Project Director, CONSTRUREAL
The company started 40 years ago in Venezuela. Our primary market was the lower and middle class, for whom we built apartments and houses. In 2011, the government intervened in our company and took control of it before removing us from its corporate governance. Following this, one of our partners in Venezuela, the Finol family, who had a lot of experience in Costa Rica, invited us to participate in a construction opportunity there. Once we entered the market, we realized that we had to work hard due to harsh competition, but were able to live our life freely and in peace. My father and uncle decided to start the company here in Costa Rica; at first, we started out in a 6sqm office. Leaving a country with a large demand for real estate for a smaller, more competitive market, we soon realized that we needed to focus on promoting a product that offered better quality and attainable prices.
General Manager, La Lillyana
We always try to be different. For example, apartments in Heredia were small, and we decided to do something we call homes located in buildings for a different market that values space. We then decided to expand because there was a great deal of competition in Heredia, so we then went to Alajuela. We have pioneered the best possible project at the lowest possible price; in terms of price per sqm, we have a huge advantage over our competitors. For the Alajuela market, we have given amenities a lot of thought. We also invested in space for social events with full connectivity, while always keeping in mind how amenities affect the monthly fees. It is key for us to keep these as low as possible; however, it is also a priority to ensure that condos and common areas have the best wireless connection possible. This is something people greatly appreciate. We work with several companies to provide this service.
General Manager, Francisco Avilés
Argo was born as a real estate consulting company but evolved to become a real estate developer in 2015 and is focused on the Rohrmoser area in San José, with local and international investors. There are two large investor groups, some from Spain and some local. We have also participated internationally as consultants in Panama, the Dominican Republic, Guatemala, Spain, and Ecuador. There has been an important evolution, in particular with the construction of high-rise buildings. There were no such buildings in Costa Rica before; this trend was mainly realized in the last five years. High-rise construction is the main business now, to which demand is oriented—though at a slower rate than supply. In some market segments, there is an oversupply. Mobility is the main urban challenge right now because San José completely lacks an efficient modern public transportation system. As a result, we focus our developments in zones where people do not need to use a car to get around.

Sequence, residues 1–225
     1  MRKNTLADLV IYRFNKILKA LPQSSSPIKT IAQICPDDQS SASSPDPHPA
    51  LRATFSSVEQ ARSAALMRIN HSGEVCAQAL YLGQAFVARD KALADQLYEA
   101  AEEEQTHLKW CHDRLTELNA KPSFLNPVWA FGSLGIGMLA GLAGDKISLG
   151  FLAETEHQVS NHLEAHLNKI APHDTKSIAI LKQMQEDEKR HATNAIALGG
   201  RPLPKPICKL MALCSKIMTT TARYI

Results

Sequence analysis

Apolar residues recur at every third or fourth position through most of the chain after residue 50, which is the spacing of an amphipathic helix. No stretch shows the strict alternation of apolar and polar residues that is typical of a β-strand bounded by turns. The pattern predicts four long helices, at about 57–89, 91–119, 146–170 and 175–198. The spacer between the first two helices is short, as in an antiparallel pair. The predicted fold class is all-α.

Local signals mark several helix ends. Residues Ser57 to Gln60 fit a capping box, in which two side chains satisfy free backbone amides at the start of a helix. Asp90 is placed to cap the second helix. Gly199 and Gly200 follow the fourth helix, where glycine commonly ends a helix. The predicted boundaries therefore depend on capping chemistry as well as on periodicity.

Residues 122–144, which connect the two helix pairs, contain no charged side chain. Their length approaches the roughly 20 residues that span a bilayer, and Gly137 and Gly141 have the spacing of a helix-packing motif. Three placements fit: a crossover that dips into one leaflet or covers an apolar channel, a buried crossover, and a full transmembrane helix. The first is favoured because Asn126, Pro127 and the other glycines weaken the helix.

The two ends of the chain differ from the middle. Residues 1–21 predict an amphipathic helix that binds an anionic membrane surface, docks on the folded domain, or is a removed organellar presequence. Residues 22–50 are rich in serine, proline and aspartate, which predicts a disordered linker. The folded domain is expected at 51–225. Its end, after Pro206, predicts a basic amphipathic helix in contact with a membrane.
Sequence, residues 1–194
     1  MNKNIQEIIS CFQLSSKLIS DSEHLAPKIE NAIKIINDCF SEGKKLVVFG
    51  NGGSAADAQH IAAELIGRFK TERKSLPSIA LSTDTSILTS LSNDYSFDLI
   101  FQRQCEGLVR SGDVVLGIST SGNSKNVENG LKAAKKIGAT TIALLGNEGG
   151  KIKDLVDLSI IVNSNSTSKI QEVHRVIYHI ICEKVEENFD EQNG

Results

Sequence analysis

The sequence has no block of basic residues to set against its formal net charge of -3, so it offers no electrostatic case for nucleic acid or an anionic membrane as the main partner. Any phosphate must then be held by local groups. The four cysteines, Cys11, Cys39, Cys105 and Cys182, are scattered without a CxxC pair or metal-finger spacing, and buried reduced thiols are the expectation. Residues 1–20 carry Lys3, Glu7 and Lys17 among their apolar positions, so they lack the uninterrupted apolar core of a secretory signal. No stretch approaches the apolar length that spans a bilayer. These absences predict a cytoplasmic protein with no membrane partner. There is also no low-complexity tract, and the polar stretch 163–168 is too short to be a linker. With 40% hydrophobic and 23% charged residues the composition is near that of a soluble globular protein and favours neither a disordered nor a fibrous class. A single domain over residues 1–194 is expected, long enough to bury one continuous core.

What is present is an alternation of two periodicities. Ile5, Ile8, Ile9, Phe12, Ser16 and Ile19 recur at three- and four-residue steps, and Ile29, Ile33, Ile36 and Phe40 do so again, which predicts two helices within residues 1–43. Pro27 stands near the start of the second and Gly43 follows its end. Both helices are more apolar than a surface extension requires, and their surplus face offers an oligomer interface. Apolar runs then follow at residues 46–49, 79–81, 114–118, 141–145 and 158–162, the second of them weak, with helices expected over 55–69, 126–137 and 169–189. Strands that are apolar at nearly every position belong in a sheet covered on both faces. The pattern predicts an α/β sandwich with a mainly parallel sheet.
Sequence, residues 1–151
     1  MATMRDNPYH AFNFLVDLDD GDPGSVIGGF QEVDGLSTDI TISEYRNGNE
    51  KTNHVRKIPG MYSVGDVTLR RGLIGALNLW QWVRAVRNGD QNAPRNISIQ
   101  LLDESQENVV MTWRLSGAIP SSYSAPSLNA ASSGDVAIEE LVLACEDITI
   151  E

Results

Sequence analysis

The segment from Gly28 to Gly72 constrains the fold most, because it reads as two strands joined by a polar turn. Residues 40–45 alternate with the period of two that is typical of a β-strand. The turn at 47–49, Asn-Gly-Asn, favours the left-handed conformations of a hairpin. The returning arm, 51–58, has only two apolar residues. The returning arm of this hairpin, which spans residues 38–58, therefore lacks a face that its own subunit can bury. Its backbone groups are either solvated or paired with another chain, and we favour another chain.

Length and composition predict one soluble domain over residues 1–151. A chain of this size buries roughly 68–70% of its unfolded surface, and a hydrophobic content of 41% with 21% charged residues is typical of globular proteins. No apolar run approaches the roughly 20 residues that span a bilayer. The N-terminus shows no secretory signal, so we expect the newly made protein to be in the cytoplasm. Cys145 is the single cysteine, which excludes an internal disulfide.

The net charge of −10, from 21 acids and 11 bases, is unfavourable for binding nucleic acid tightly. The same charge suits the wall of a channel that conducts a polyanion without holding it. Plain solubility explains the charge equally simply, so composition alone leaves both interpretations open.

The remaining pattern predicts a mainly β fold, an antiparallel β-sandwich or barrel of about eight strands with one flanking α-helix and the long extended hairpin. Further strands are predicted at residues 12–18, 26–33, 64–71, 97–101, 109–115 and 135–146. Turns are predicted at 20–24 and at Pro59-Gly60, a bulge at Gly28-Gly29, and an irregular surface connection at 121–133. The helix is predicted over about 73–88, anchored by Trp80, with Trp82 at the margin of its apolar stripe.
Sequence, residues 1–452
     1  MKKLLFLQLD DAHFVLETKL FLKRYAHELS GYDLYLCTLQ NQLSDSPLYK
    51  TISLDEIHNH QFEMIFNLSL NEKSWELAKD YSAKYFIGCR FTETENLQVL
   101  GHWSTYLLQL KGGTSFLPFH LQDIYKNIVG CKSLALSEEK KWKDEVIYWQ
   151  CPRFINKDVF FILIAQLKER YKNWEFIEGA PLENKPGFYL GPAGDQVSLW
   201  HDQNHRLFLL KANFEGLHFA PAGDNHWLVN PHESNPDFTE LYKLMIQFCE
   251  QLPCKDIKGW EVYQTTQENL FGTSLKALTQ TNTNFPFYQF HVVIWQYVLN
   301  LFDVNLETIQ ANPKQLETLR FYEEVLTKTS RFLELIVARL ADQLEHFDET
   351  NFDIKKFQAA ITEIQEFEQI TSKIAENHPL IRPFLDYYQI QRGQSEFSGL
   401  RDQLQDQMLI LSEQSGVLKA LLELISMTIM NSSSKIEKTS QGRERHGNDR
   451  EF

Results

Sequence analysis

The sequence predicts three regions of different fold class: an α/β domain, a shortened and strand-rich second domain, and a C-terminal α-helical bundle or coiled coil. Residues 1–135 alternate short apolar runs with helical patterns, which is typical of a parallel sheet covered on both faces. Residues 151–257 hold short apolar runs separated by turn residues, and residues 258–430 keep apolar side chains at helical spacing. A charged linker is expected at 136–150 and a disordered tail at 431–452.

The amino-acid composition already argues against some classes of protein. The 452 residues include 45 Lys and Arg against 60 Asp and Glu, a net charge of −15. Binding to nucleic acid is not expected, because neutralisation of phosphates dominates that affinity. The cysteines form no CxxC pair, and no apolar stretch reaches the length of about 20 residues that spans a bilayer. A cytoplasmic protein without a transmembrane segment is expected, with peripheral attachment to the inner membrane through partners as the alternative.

General Manager, Fomento Urbano
We started about 17 years ago. In the late 1990s, my father used to work in the textile business and started building warehouses for our products, then decided to sell and lease the warehouses when he realized the construction of a building for a department store made more profit than other areas and thus switched to real estate. In 2002, we joined forces with a partner who had experience in the construction sector in Miami and Colombia, and together we built offices and condominiums in Escazu. We also started doing some projects in Miami between 2003 and 2007, but when the crisis hit in 2007, we closed our business there and focused on Costa Rica. That is when we decided to split up, and since 2007 we have been a family-owned company developing several businesses in the country. We started with high-rise condominiums, something Costa Ricans were unaccustomed at the time for their expense, but have now come to see as normal.
General Manager, RC Inmobiliaria
Fomento Urbano is one of the oldest development companies in the residential sector, though it actually got started by accident. The company was created by four Costa Rican families, three of which were in the textile industry. These three partners bought a piece of land and wanted to build a new textile company. When they started doing reviews of the land they realized that they had a problem; the zoning of the land they bought was only for residential development. They had already made the purchase, so needed to decide upon an alternative. Thus they decided to start building houses. It is funny because this became a critical part of their business. Before long they had the goal of bringing excellent housing to all Costa Ricans. They focused on the middle class and got buildings permits in Tibás, Moravia, Heredia, and San Pedro. Over the years, the company has built more than 8,000 houses.